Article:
The climate crisis has changed weather patterns, and this could increase crop failure in multiple agricultural regions around the world, a new study says. In a report published in Nature Communications this week, researchers in the U.S. and Germany outline how food-producing regions of the world will see significantly lower crop yields in the near future.
The researchers analyzed climate models and observational data from 1960 and 2014 and then looked at future projections between 2045 and 2099. By analyzing the data, they found that a changing jet stream has contributed to crop failure in the past. Jet streams are air currents that change weather patterns around the world. But many scientists have observed that climate change is changing how jet streams move, which could challenge crop-growing regions around the world. Climate models are equipped to show those changes in the atmosphere, but these models cannot always show how it affects conditions on the ground.
The study explains that under a high emissions scenario, a “strongly meandering jet stream” or a wavy jet stream could actually trigger some of these lower crop yield events worldwide. Data showed the researchers that years with “more than one wave event” often lead regional crop yields to drop up to 7%. They also found that agricultural regions in Eastern Europe, East Asia, and North America were likely to be impacted by these events. The study referenced a heat wave that significantly hurt agriculture in Russia back in 2010. The high temperatures that year were connected to a shift in the jet stream, according to the researchers.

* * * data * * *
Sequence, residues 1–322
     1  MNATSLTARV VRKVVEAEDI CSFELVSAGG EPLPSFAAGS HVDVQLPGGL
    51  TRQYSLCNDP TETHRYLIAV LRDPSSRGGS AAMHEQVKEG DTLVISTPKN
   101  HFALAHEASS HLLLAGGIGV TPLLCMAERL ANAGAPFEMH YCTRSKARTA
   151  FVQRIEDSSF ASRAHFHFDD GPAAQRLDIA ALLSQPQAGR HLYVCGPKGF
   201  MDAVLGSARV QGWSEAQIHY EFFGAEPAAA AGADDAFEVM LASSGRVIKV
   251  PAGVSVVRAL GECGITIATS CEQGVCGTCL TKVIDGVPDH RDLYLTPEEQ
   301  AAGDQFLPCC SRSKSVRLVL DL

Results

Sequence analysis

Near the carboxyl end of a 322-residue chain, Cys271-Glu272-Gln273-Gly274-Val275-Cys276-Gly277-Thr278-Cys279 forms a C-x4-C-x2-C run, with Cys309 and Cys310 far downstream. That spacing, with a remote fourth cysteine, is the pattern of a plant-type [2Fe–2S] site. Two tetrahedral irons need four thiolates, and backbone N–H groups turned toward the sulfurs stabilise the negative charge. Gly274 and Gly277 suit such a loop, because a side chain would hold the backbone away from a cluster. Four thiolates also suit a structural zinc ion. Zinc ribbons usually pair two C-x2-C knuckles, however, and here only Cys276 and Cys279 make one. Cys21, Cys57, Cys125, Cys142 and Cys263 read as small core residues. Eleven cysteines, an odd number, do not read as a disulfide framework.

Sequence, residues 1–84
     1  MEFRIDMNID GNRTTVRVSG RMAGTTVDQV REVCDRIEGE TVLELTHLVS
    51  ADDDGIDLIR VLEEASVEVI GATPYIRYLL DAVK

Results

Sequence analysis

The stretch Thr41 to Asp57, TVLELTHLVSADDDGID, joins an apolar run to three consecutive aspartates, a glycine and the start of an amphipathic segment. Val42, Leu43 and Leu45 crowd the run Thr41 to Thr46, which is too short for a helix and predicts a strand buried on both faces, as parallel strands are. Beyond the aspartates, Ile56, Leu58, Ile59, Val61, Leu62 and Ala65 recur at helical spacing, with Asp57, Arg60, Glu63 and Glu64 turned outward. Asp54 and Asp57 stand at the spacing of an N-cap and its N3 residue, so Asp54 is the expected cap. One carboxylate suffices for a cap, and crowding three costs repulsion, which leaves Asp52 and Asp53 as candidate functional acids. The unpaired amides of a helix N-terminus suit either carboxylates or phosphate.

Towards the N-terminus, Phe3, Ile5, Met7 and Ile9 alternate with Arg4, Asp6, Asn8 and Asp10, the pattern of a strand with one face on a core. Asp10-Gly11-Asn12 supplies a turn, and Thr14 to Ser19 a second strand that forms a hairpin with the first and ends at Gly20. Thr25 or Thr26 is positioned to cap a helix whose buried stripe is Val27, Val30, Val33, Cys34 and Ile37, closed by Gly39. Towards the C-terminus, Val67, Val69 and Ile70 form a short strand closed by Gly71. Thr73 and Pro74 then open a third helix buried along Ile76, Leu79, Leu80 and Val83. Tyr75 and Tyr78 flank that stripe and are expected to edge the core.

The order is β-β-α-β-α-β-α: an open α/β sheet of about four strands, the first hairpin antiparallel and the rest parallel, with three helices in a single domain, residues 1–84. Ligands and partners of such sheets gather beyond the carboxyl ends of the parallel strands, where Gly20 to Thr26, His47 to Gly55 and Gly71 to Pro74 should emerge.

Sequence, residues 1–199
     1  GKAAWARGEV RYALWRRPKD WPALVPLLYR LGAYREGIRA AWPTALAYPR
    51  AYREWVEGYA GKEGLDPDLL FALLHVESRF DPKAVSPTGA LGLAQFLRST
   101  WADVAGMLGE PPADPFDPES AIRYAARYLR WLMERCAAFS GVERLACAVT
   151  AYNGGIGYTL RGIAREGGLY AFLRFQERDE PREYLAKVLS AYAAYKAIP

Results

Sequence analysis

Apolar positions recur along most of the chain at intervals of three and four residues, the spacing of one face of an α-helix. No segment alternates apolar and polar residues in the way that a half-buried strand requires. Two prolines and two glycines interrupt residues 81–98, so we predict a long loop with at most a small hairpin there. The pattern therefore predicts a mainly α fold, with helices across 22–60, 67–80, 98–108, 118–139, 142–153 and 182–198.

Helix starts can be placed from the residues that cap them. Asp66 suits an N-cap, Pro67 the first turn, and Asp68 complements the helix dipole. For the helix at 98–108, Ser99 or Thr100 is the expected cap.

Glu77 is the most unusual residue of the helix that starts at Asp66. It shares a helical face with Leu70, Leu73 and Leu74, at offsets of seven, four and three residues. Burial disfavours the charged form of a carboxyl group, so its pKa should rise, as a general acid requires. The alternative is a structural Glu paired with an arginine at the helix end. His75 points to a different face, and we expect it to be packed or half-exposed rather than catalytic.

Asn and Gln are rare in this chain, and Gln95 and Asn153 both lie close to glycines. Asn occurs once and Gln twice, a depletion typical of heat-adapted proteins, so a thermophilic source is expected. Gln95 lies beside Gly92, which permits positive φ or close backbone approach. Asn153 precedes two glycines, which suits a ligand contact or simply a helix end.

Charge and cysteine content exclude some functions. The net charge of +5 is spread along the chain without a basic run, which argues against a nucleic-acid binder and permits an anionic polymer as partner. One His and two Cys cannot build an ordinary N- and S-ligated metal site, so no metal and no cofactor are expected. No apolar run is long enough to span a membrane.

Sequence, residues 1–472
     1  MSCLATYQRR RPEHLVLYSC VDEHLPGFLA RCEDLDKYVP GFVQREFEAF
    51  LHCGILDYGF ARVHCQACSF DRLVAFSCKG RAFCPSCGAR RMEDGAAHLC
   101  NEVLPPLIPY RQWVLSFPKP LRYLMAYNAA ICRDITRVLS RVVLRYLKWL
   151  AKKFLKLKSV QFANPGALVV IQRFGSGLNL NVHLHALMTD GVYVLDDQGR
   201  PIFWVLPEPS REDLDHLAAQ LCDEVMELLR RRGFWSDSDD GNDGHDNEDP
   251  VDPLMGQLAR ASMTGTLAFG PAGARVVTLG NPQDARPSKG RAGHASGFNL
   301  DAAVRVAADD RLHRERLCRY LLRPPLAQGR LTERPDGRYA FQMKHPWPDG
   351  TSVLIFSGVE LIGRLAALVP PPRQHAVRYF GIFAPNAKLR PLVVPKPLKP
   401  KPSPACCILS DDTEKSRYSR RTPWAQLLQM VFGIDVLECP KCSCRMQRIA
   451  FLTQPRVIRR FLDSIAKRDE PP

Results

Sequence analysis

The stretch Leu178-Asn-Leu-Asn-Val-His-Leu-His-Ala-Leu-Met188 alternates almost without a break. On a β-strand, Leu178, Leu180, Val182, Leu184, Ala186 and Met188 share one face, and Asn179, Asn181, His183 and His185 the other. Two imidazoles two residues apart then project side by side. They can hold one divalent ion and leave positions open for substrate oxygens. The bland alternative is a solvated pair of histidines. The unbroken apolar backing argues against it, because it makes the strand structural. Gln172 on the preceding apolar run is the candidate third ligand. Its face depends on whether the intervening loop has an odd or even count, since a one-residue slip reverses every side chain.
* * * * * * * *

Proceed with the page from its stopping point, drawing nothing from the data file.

Russia’s heat wave destroyed 9 million hectares (22,239,484 acres) of crops, and it also sparked droughts and forest fires, according to the UK Met Office. The fires killed Russians and displaced many families from their homes. That July, the city of Moscow recorded 14,000 deaths, that’s more than 5,000 more deaths compared to July 2009. This was just one event related to changes in the jet stream. “Potentially disruptive impacts have become more common and will increase further if greenhouse gas emissions remain unmitigated,” study authors warned.
Kai Kornhuber, a lead author in the study and researcher at Columbia University called this information a “wake up call.” He emphasized that instances of crop failure are underestimated, which could mean less adequate preparations worldwide. “We need to be prepared for these types of complex climate risks in the future and the models at the moment seem to not capture this,” he said in a press release.
This will worsen an already significant issue. More than 800 million people around the world were considered food insecure in 2021, according to the United Nations. That number increased in 2020 during initial covid lockdowns. Volker Türk, the UN’s high commissioner for human rights, recently warned that climate change-related disasters will probably increase that number by more than 80 million by the middle of this century.
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